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Now let’s head back east, almost all the way. To talk about the west, of course.
The EU and Russia por the Spanish, per the Italians
Reminiscent of Russian reactions to NATO influence in former Soviet territories, the Kremlin has recently responded with understandable concern to the European Union’s Eastern Partnership Initiative, a plan to tighten political and economic ties between the EU and a number of erstwhile Soviet nations including Armenia, Azerbaijan, Belarus, Georgia, Moldova and Ukraine. According to La Stampa, in “Niente disgelo tra Bruxelles e Mosca,” this “thorny theme” added to the backdrop of discord that characterized the recent summit held, with suggestive symbolism, in Khabarovsk, and although the EU hopes for Russia to somehow “participate in” the Partnership – where ‘participate in’ could only mean something along the lines of ‘not get too pissed off about’ – Moscow doesn’t seem convinced:
The Kremlin continues to see this as an ‘anti-Russian’ alliance and not as an attempt by the EU to accelerate democratic and economic reforms… encourage regional cooperation and foster closer ties to the European block. To Moscow, all these things stink of new spheres of influence.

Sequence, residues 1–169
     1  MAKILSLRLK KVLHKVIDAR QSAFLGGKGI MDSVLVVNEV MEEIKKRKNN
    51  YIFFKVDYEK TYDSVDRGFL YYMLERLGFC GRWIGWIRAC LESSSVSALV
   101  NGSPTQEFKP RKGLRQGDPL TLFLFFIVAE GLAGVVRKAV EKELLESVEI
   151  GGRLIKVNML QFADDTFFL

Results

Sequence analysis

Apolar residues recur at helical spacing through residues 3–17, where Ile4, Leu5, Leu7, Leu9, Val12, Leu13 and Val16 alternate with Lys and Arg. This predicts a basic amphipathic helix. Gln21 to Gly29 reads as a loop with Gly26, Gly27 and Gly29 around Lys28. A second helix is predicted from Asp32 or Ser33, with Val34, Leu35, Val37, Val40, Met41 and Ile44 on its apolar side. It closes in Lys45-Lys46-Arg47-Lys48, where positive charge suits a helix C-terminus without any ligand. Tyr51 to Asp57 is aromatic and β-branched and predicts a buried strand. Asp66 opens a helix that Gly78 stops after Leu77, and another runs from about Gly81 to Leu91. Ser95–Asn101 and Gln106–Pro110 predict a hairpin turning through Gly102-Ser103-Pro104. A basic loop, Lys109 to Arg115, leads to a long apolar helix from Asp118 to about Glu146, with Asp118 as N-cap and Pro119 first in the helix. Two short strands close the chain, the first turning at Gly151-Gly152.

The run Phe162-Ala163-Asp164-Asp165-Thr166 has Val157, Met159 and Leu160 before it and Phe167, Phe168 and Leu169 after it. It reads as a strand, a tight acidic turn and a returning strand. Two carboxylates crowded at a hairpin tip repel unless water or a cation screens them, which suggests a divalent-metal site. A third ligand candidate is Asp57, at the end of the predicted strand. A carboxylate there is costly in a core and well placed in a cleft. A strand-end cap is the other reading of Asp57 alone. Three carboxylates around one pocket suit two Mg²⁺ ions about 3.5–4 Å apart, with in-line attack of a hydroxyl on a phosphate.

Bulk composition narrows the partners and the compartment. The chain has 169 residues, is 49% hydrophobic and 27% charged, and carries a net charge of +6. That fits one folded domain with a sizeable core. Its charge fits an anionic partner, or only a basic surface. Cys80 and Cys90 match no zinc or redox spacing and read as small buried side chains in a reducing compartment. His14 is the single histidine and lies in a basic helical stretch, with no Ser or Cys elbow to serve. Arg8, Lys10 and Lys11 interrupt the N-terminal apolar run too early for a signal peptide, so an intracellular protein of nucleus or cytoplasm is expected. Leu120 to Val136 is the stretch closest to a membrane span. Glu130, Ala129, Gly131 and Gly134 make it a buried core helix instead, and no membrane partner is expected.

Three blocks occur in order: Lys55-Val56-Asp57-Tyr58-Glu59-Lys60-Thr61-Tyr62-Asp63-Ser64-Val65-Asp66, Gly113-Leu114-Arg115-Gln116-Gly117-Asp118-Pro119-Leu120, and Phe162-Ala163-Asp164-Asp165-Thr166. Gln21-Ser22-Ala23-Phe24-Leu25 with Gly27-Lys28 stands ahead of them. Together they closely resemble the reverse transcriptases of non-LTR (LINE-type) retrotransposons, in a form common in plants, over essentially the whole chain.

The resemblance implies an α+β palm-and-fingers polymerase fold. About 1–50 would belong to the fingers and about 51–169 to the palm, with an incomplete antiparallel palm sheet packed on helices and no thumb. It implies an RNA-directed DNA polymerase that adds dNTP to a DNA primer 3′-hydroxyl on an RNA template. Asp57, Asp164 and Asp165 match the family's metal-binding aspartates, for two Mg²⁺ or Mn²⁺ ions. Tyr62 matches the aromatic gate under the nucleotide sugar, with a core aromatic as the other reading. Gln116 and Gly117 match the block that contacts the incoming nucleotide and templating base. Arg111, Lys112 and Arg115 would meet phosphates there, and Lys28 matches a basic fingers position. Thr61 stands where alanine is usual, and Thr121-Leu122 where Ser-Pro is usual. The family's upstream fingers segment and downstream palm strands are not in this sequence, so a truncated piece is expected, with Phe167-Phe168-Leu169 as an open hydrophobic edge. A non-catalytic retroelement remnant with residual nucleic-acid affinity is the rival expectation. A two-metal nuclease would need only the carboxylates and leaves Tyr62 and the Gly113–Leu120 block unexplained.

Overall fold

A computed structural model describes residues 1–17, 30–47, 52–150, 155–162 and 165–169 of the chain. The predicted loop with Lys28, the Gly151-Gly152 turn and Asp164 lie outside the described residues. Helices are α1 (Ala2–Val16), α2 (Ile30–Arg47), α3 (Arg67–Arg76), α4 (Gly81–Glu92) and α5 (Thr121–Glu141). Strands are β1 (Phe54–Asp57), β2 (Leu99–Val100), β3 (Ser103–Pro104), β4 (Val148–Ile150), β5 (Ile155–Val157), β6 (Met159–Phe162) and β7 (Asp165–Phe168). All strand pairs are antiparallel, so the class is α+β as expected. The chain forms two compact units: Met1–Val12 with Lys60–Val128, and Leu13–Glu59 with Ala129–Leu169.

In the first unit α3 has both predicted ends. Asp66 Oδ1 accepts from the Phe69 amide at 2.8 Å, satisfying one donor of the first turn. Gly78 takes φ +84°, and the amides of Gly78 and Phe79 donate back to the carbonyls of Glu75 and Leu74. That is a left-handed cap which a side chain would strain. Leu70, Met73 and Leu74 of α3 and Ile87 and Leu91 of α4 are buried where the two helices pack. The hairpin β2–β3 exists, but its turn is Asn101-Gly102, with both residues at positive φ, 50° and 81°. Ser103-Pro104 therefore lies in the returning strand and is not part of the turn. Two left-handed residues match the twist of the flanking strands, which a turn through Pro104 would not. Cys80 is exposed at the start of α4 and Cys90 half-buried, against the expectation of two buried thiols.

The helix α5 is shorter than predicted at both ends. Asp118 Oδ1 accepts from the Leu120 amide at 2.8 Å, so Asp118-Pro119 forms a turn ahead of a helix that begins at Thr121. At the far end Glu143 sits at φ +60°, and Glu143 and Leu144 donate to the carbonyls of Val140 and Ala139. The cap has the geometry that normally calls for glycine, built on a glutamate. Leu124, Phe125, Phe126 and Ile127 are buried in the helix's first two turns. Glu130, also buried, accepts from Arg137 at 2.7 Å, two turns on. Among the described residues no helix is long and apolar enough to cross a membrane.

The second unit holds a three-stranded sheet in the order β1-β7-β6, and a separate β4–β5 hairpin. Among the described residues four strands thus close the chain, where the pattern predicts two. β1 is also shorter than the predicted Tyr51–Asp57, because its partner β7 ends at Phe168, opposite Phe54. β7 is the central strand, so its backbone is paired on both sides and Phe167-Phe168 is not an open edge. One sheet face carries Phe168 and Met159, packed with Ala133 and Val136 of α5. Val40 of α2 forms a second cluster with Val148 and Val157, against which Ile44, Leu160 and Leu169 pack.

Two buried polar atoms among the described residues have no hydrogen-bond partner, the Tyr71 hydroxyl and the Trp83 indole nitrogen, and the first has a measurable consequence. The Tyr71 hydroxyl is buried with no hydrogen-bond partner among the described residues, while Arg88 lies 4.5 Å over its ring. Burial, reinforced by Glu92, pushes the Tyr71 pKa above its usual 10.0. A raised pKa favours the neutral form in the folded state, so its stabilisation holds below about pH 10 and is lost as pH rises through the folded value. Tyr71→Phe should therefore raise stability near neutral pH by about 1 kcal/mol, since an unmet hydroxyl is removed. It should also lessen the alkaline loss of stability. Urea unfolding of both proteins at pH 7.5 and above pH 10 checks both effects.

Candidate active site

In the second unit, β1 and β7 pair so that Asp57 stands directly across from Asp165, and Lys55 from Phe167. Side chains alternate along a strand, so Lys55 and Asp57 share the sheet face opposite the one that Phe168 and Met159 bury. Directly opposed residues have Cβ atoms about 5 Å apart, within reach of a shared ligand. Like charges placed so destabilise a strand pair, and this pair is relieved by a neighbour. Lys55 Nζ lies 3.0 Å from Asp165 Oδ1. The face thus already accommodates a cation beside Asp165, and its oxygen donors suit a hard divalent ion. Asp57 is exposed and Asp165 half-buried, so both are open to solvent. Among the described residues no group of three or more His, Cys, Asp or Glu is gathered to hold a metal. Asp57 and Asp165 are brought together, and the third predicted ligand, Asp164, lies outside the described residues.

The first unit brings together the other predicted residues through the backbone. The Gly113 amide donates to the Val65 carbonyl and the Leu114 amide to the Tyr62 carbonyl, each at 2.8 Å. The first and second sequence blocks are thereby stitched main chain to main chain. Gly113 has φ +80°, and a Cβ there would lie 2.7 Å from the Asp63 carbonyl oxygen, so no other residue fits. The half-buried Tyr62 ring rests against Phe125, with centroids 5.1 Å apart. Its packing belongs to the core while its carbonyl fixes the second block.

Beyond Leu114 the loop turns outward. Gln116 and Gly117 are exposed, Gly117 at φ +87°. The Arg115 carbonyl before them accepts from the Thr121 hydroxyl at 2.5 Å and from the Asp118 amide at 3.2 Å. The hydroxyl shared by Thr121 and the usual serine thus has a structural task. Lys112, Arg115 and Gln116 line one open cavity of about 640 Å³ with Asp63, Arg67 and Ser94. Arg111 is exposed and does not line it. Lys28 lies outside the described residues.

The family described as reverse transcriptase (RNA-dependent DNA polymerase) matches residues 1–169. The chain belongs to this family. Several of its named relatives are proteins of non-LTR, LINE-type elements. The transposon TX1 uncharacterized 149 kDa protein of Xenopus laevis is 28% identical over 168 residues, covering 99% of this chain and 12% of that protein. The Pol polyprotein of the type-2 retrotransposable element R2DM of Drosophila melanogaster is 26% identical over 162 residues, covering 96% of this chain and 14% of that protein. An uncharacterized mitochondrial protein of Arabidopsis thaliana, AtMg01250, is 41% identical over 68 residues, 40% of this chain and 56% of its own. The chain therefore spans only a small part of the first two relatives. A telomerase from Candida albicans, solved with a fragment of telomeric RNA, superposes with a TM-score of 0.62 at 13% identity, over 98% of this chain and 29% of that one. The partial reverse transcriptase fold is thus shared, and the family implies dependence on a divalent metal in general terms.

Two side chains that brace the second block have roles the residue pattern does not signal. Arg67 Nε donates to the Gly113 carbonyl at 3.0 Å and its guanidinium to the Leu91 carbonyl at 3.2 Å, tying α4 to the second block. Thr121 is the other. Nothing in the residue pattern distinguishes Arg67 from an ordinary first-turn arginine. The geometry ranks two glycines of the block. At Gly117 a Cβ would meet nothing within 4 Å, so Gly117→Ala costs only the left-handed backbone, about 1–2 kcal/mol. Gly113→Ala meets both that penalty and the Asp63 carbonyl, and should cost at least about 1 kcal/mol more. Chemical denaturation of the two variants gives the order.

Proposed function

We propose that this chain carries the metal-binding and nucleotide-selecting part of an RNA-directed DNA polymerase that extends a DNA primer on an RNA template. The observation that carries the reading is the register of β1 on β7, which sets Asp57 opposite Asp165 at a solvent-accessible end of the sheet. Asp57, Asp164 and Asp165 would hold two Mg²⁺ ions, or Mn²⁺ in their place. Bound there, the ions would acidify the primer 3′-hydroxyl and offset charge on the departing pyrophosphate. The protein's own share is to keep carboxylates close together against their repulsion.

Yet as stated, that’s just part of the backdrop. The goal of the summit was not to wrangle with catch-all diplomatic differences, rather simply to agree to new terms regarding energy provisions. As quoted in El Mundo, Sergei Prijodko, a Kremlin advisor for international affairs, said, speaking of their common goal of signing a new contract, “Our optimistic prognosis is to have the document ready by the end of the year.” The article goes on:
[Prijodko] indicated that Moscow would like to edit ‘as soon as possible’ the new agreement to take the place of the current one, which will come to term by year’s end, but he also admitted that differences yet persist between Moscow and Brussels regarding the document’s format and content.
Nonetheless, the ‘persistent differences’ between Moscow and Brussels that make ‘simply agreeing’ on a mutually beneficial energy pact problematic stem from a prodigious tinderbox of related factors: Europe imports 42% of its gas supplies from Russia; the pipelines that supply it run through Ukraine; some of Europe’s flow was cut off in January thanks to alleged Ukrainian delinquency; Ukraine denies its delinquency, citing instead a deep reluctance to pay higher prices; Europe knows it’s risky to take sides too decisively but can’t risk losing those supplies; Moscow knows it’s risky to react too menacingly but can’t risk not showing its mettle.